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49 Neurosurgical simulation – a multidisciplinary approach to human factors in theatre
  1. O Davies,
  2. S Jeffery,
  3. A Williams
  1. North Bristol NHS Trust, UK


Simulation is an effective and valuable asset to medical education. Skills unique to surgery such as procedural steps and communication in theatre are benefiting from improved surgical models and expertise in utilising them to produce high fidelity educational scenarios.

We delivered a simulation based Emergency Neurosurgery course for Foundation Year 2 doctors, junior Neurosurgical trainees and trainee theatre staff in fully functioning operating theatre, supported by the Trust. The aim was to provide delegates with the knowledge and practical skills, including decision making and effective communication that are required for safe working in a Neurosurgical theatre, within a controlled but realistic environment to maximise the learning potential.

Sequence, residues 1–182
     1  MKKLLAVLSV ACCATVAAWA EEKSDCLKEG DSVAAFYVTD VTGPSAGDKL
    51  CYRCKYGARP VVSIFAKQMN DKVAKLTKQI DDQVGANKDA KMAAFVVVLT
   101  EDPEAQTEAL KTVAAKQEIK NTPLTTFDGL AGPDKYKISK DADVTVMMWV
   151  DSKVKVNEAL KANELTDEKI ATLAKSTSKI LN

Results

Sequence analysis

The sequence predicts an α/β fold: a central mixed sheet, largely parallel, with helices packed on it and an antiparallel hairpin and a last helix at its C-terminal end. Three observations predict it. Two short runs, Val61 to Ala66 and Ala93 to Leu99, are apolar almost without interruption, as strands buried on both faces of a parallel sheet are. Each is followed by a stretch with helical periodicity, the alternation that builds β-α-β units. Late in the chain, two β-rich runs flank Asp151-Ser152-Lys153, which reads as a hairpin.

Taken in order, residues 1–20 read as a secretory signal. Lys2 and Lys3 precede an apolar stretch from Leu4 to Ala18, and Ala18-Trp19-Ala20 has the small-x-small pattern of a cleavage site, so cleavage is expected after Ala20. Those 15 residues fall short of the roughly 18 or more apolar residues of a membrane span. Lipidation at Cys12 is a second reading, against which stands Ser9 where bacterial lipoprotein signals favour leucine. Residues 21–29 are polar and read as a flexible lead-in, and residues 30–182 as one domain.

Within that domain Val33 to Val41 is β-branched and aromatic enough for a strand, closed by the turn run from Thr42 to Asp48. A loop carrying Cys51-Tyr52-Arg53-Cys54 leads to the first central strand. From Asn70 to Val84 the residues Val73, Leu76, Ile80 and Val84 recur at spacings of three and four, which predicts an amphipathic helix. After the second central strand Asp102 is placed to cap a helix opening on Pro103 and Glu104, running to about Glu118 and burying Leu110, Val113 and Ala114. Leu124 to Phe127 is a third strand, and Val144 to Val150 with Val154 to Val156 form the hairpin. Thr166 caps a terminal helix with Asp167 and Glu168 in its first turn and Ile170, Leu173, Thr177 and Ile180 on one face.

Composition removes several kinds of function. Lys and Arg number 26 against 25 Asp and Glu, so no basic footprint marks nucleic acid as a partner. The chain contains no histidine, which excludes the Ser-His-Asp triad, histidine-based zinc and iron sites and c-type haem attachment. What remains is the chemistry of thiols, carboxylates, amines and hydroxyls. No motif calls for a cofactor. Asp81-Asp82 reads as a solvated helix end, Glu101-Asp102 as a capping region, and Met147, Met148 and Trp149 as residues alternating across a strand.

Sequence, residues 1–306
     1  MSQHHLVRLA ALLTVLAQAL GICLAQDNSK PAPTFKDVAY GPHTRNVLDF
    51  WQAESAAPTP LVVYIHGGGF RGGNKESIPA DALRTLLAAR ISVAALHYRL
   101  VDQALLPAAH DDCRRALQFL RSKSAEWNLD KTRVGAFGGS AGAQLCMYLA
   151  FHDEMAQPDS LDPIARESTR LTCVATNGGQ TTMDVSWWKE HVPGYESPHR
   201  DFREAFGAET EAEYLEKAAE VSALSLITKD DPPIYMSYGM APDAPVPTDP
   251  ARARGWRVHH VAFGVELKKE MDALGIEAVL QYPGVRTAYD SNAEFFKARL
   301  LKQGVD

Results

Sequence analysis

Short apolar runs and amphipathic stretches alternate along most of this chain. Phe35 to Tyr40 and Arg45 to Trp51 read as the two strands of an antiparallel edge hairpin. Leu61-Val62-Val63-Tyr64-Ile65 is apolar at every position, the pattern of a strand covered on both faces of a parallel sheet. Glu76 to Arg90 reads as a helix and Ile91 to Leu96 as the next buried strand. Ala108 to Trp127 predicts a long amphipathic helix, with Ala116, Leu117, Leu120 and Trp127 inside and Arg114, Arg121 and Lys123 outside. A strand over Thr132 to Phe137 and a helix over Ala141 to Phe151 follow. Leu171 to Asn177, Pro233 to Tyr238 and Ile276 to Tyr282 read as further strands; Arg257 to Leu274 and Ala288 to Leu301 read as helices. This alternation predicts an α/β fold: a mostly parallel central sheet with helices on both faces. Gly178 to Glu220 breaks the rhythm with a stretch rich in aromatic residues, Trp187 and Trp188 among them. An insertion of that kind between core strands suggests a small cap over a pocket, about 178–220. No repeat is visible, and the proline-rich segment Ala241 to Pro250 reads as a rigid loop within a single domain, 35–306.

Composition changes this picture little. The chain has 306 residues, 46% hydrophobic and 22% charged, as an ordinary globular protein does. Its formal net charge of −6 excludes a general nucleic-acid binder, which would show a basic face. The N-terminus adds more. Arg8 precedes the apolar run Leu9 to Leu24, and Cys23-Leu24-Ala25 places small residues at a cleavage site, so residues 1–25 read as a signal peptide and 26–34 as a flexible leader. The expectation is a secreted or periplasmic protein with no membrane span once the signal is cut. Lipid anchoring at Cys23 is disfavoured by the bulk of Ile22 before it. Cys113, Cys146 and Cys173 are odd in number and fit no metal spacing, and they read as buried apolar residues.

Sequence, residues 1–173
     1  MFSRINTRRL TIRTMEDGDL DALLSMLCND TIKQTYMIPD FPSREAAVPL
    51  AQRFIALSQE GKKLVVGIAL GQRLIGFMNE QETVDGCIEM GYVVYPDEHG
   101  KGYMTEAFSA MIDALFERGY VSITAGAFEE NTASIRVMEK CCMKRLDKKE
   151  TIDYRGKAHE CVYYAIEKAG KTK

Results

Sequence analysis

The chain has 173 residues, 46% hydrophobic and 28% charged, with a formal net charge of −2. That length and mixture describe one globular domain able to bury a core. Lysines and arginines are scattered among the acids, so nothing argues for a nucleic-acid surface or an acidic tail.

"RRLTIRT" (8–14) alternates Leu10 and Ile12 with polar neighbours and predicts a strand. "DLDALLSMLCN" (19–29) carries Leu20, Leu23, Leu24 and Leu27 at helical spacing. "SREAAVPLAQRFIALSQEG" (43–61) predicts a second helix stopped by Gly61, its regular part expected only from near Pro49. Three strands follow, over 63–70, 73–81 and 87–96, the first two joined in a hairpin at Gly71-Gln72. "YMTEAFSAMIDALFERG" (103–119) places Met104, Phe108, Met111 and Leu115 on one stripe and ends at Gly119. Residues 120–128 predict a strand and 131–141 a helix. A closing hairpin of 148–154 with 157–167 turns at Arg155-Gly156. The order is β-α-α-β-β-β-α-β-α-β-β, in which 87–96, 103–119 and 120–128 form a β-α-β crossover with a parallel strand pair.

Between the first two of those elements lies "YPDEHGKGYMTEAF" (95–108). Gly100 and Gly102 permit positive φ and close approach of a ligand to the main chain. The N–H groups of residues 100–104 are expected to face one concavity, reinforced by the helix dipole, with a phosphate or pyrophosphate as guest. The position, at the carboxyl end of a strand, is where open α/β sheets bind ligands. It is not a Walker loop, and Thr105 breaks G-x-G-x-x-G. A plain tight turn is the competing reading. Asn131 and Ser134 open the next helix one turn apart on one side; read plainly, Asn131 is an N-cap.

Delegates were brought to a patient (SimMan®) in a resuscitation scenario to make their initial assessment with the patient demonstrating real time vitals, pupil sizes and verbal responses. After completing the initial assessment delegates were required to interpret CT scans and consent the patient’s relatives before taking the patient to theatre. Once there, delegates carried out the emergency Neurosurgical operation, using image guidance on surgical model heads (Rowena®) and surgical drills, assisted by trainee scrub nurses and theatre HCAs .

As the scenario unfolded, complications arose to highlight the importance of human factors and multi-disciplinary working. This tested delegates’ clinical acumen, decision making and communication skills in a pressured environment. Delegates were supervised by senior trainees who were able to give personalised feedback.

The course received global positive feedback from delegates, with particular focus on learning alongside other healthcare professionals to improve inter-professional working and theatre safety.

It is possible to deliver teaching to a multidisciplinary group using simulation to mimic the normal working environment as closely as possible. Future plans are to repeat the course with anaesthetic colleagues involved to help design increasingly challenging scenarios for senior trainees and scrub team members.

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